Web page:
Sector News

Creating a Cleaner and Greener Logistics Industry

Creating a Cleaner and Greener Logistics Industry
Danny Gill

One of the biggest revolutions for the shipping and logistics industry came over 60 years ago in the form of containerization that transformed the face of the industry as we know it. The man behind the idea, Malcom McLean, set into motion a way to transport goods faster and simpler from ships to trucks and trains. The air industry soon followed suit and the ULD (unit load device) was born.

The impact of these innovations is still being felt today, as while the logistics industry has continued to become cheaper, faster, and more efficient, we’re still focused and based on these inventions and ideas of the past.

We’re quickly reaching a point now where some industries, such as automobile manufactures, are becoming disrupted by new technologies hitting the market. Many of these disruptors root from the clean and renewable energy segment of the market which is quickly becoming more affordable as the price of technologies in the segment drops. While many have had to adjust rapidly to keep up, businesses in the logistics industry are at a crossroads currently; either innovate or be left behind.

Mr. Ramez Naam

It isn’t all doom and gloom though for the logistics industry, as we are still in the beginning stages of disruption hitting the market. As Mr. Ramez Naam, the Co-Chair Energy & Environmental Systems at Singularity University sees it, there’s a path forward for many industries in the fact that using cleaner energy sources is becoming both cheaper and easier to implement into business operations.

“We all want cheap energy. Given the choice of two ways to light our cities, heat or cool our buildings, or drive our industry, we’ll choose the cheaper options. Clean energy used to be much more expensive than traditional energy. But the exponential improvements in clean energy prices have changed that equation. Now in the sunniest and windiest places in the world, solar and wind are the cheapest energy. And electric vehicles – once a joke – are on the verge of being the cheapest and most exciting vehicles everywhere,” said Mr. Naam.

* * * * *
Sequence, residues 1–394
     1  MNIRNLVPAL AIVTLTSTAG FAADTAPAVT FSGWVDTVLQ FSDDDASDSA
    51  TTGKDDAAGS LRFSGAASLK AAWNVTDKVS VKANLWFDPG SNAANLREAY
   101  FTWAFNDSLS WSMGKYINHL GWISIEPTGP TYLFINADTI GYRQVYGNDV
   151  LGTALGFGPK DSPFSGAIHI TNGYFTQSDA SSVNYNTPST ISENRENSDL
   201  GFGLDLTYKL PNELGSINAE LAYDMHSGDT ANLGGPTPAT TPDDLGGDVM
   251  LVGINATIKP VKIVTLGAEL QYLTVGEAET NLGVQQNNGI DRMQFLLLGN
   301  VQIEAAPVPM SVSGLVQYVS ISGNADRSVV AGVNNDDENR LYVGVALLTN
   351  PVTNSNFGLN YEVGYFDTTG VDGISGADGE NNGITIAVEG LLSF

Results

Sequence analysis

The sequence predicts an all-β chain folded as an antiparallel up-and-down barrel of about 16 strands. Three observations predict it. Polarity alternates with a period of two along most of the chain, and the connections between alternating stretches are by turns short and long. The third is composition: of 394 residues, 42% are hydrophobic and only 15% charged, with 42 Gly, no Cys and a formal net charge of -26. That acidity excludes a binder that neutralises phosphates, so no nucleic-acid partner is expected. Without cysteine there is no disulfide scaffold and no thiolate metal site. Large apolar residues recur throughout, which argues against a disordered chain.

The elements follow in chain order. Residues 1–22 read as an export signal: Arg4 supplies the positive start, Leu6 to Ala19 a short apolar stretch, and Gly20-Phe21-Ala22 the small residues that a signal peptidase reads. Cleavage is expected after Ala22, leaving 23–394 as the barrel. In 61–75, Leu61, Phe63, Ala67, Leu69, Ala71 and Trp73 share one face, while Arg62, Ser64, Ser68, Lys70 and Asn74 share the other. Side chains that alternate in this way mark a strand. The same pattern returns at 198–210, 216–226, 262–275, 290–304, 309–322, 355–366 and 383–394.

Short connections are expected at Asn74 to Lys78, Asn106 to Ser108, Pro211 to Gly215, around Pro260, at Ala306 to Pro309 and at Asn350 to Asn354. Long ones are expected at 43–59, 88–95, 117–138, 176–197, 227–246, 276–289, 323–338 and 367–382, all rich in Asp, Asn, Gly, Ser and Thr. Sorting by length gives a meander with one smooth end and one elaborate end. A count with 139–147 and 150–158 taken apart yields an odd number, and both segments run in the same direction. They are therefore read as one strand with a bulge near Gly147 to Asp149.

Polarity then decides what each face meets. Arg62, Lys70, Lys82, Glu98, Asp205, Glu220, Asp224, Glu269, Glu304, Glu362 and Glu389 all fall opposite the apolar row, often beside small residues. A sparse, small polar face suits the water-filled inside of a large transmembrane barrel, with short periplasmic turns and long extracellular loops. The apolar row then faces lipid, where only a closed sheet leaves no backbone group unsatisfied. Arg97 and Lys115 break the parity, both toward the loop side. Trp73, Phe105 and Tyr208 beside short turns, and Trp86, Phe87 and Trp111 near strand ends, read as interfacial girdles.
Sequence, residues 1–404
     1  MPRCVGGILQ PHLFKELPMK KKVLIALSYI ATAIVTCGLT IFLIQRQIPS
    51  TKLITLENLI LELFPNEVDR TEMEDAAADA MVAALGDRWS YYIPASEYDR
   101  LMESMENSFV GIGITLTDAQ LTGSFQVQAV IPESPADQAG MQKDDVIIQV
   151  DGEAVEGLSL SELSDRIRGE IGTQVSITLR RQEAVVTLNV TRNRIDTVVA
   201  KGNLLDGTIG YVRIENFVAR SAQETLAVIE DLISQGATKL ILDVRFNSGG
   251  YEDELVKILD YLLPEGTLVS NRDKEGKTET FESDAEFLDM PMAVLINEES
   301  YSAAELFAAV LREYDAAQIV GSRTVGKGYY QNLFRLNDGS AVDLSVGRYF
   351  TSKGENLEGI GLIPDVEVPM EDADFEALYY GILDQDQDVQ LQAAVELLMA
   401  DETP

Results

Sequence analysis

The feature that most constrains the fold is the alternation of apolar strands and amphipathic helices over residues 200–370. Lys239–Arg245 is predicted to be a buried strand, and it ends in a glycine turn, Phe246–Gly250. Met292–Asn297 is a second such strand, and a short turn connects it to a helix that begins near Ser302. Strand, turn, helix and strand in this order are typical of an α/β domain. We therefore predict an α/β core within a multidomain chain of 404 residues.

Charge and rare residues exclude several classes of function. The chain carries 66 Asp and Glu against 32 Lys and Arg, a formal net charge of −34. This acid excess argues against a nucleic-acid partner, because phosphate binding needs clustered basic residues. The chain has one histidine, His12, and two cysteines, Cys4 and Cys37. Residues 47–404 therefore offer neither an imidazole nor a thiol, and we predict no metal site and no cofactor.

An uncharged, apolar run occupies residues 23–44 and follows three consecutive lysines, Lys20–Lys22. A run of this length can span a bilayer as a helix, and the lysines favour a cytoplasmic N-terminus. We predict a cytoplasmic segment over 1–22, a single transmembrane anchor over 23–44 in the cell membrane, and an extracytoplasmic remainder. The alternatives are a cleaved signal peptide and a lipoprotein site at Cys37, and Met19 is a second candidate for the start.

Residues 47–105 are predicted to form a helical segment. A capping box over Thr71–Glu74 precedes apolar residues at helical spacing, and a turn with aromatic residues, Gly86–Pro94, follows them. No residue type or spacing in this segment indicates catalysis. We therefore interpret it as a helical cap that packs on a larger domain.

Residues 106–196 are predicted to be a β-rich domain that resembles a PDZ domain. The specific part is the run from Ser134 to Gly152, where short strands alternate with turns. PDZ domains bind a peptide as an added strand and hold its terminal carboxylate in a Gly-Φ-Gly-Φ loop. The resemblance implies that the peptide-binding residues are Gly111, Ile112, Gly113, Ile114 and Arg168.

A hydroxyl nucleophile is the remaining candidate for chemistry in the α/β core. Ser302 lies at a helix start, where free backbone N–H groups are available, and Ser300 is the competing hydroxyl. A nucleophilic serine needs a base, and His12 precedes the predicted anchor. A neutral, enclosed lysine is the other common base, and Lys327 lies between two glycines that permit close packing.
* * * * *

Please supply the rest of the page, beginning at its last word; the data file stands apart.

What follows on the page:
As long as the price is right, most people would obviously prefer all industries to transition over to using clean energy. Humanity benefits from less pollution and less climate change, and businesses benefit from having access to cheaper power. It’s a win-win for mostly everyone, and while we’re not yet to the point where clean energy can completely replace traditional energy consumption in the market, we are continuing to edge closer and closer to that becoming a reality.

Mr. Naam said, “Clean energy will replace most fossil fuel energy. We know we can get to solar and wind and hydro producing, say, 80% of electricity would come from clean, renewable sources. How do we get the last 20%? We’re still working on that. We know electric cars can replace fossil fuel cars. How do we deal with jet aviation? We’re still working on that as well, but this is a huge step in the right direction.”

“To stay competitive in the new clean market, every company in every industry needs to think more about how they take advantage of their data, about how they provide rapidly the offering to consumers and about how they build effective networks and platforms. This applies to electricity production and transport industry as well as to any other industry. One concern that normally permeates these types of discussions are the jobs and what will the employees that are currently working in traditional energy organizations do.

As Mr. Naam describes, “The future is in clean energy and so are the jobs.”

“It’s certainly time for anyone in the energy industry to think about new skills and new business opportunities for the future! Energy is going to continue to be a multi trillion-dollar business and that won’t change. But coal and oil are going to be disrupted while solar, wind, and EVs are going to soar. That’s the future of the jobs in this sector.”

To keep up on these issues and more, Mr. Naam will be speaking at the SingularityU Thailand Summit on 19-20th of June 2018. The summit brings together the world’s leading experts of exponentially accelerating technologies together with Thailand’s and Southeast Asia (SEA)’s leaders to provide knowledge and insights necessary to stay ahead in an exponentially changing world. More information about the summit can be found at

Mr. Naam concluded, “Change is happening so quickly now so it’s hard to keep track of everything that’s happening in whatever industry you’re in and at the same time paying attention in all the adjacent industries. SingularityU Thailand Summit will blow your mind with innovations and disruptions happening in every field of technology and industry. This summit can help you to survive the disruptions caused by these technologies and come out stronger on the other side.”

Sector News
Danny Gill

Danny is a Digital Marketing and Content Creation Manager for Airfreight Logistics and Logistics Manager (LM) and is quite the foodie. He’s always on the hunt for new and exciting dishes to sample, and is never one to back down from a spicy challenge. His travels have taken him around the world, and he’s been able to experience many different cultures (and food).

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